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Au Revoir Tower 13

  • Street art intervention
  • Street art intervention
  • Street art intervention
  • Street art intervention
April 11, 2014
Asja Nastasijevic is an Art Historian with the major in Modern Art, involved in art writing and criticism for several years now. Art is her passion and writing about it is both work and pleasure.

The demolition of the Paris Tower 13 on Fulton Street began in November 2013 after having hosted the largest group exhibition of street art ever made. In October the same year Galerie Itinerrance organized a intervention with over 100 urban artists. These days, precisely on April 8, the most visible steps in building’s demolition began. It will last for three days and can be followed after the jump.

Disappear in Rubble

The Tower 13 is to be progressively torn from top to bottom along with the beautiful works of street art. Last October, the Itinerrance gallery specialized in graffiti, with the support of the owner of this nine- story building and the mayor of the district, invited more than one hundred street artists from around the world to invest their works of art in the Paris Tower 13 before its destruction. It was purely voluntary project. Each artist was given a space in the building to paint its walls and ceilings without any commercial approach because at the end, everything will disappear in rubble. And the end has come proving the very ephemeral nature of street art.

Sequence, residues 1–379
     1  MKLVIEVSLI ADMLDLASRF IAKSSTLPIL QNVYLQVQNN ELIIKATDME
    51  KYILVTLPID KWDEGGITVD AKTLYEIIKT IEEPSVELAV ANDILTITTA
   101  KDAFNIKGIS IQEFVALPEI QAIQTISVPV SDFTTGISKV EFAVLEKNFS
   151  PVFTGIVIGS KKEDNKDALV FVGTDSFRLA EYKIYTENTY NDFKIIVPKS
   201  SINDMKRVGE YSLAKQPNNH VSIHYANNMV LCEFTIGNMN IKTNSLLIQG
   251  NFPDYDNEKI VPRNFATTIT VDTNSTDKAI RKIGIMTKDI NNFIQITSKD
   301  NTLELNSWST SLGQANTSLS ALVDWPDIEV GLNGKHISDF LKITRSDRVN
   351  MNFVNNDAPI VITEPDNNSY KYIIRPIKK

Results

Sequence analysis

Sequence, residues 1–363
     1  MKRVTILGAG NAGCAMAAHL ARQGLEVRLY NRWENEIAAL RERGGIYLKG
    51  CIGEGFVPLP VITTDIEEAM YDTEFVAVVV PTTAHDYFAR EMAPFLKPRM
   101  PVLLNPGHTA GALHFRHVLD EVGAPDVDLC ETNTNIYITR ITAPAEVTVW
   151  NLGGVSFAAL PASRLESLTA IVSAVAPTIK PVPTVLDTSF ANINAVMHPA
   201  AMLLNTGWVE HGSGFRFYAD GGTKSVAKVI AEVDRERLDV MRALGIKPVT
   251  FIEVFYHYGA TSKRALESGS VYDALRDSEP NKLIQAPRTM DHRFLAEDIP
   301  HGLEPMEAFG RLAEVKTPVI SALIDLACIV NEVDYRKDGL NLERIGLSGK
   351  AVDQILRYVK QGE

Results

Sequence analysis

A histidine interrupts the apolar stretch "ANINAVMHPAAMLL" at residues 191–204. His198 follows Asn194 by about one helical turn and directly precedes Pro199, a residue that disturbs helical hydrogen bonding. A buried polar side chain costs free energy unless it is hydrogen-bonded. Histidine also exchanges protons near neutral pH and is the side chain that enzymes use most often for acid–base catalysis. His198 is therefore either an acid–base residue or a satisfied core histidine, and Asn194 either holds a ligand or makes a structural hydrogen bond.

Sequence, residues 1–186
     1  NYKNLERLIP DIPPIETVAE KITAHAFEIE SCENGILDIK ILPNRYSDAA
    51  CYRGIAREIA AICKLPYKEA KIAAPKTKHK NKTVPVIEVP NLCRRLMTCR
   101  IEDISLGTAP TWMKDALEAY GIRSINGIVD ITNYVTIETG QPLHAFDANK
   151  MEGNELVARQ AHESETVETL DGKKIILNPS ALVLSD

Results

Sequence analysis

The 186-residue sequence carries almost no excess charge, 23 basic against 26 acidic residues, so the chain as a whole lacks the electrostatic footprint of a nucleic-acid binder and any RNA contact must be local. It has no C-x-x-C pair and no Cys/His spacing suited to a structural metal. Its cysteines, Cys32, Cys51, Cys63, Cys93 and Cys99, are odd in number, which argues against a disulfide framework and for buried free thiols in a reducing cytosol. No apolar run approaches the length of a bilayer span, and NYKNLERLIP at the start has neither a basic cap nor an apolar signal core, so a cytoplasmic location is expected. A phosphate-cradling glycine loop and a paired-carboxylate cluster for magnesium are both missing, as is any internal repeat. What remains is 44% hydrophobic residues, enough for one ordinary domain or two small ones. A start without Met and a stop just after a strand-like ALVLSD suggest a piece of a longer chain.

Street art intervention
Inside Paris Tower 13

Online Support

From 1 to 31 October last year, the public had the opportunity to discover the largest collective exhibition of street art ever realized. Over 100 graffiti artists have occupied the gigantic “canvas” of 4.500 square meters formed by walls, floors and ceilings.  Among artists who participated in this ephemeral experiment are Lek, Sowat, Bom-K, Agostino Lacurci, Cope2, Vhils, Fenx, Pantonio, Indie 184 to name but a few. Thousands of people visited the building until November 1, 2013 when Paris Tower 13 was physically closed to the public. However, fans of street art could still access it via www.tourparis13.fr in the next 10 days and were actually called upon to save virtually works of destruction. On November 11, the site contained only the parts that people saved along with their photographic contributions. Finally, the users were the ones who saved the Tower 13. The collection on the website has become the only evidence of this gigantic art project.

Street art intervention
Inside Paris Tower 13

Raise Questions

Although the Tower 13 is about to vanish, this amazing project raised an important question (and made a real effort) of street art preservation and distribution in both online and print archives. This is a question of growing importance in today’s art scene because of the temporal and fragile nature of street art as well as because it is one of the fastest growing artistic movements.

Street art intervention
Inside Paris Tower 13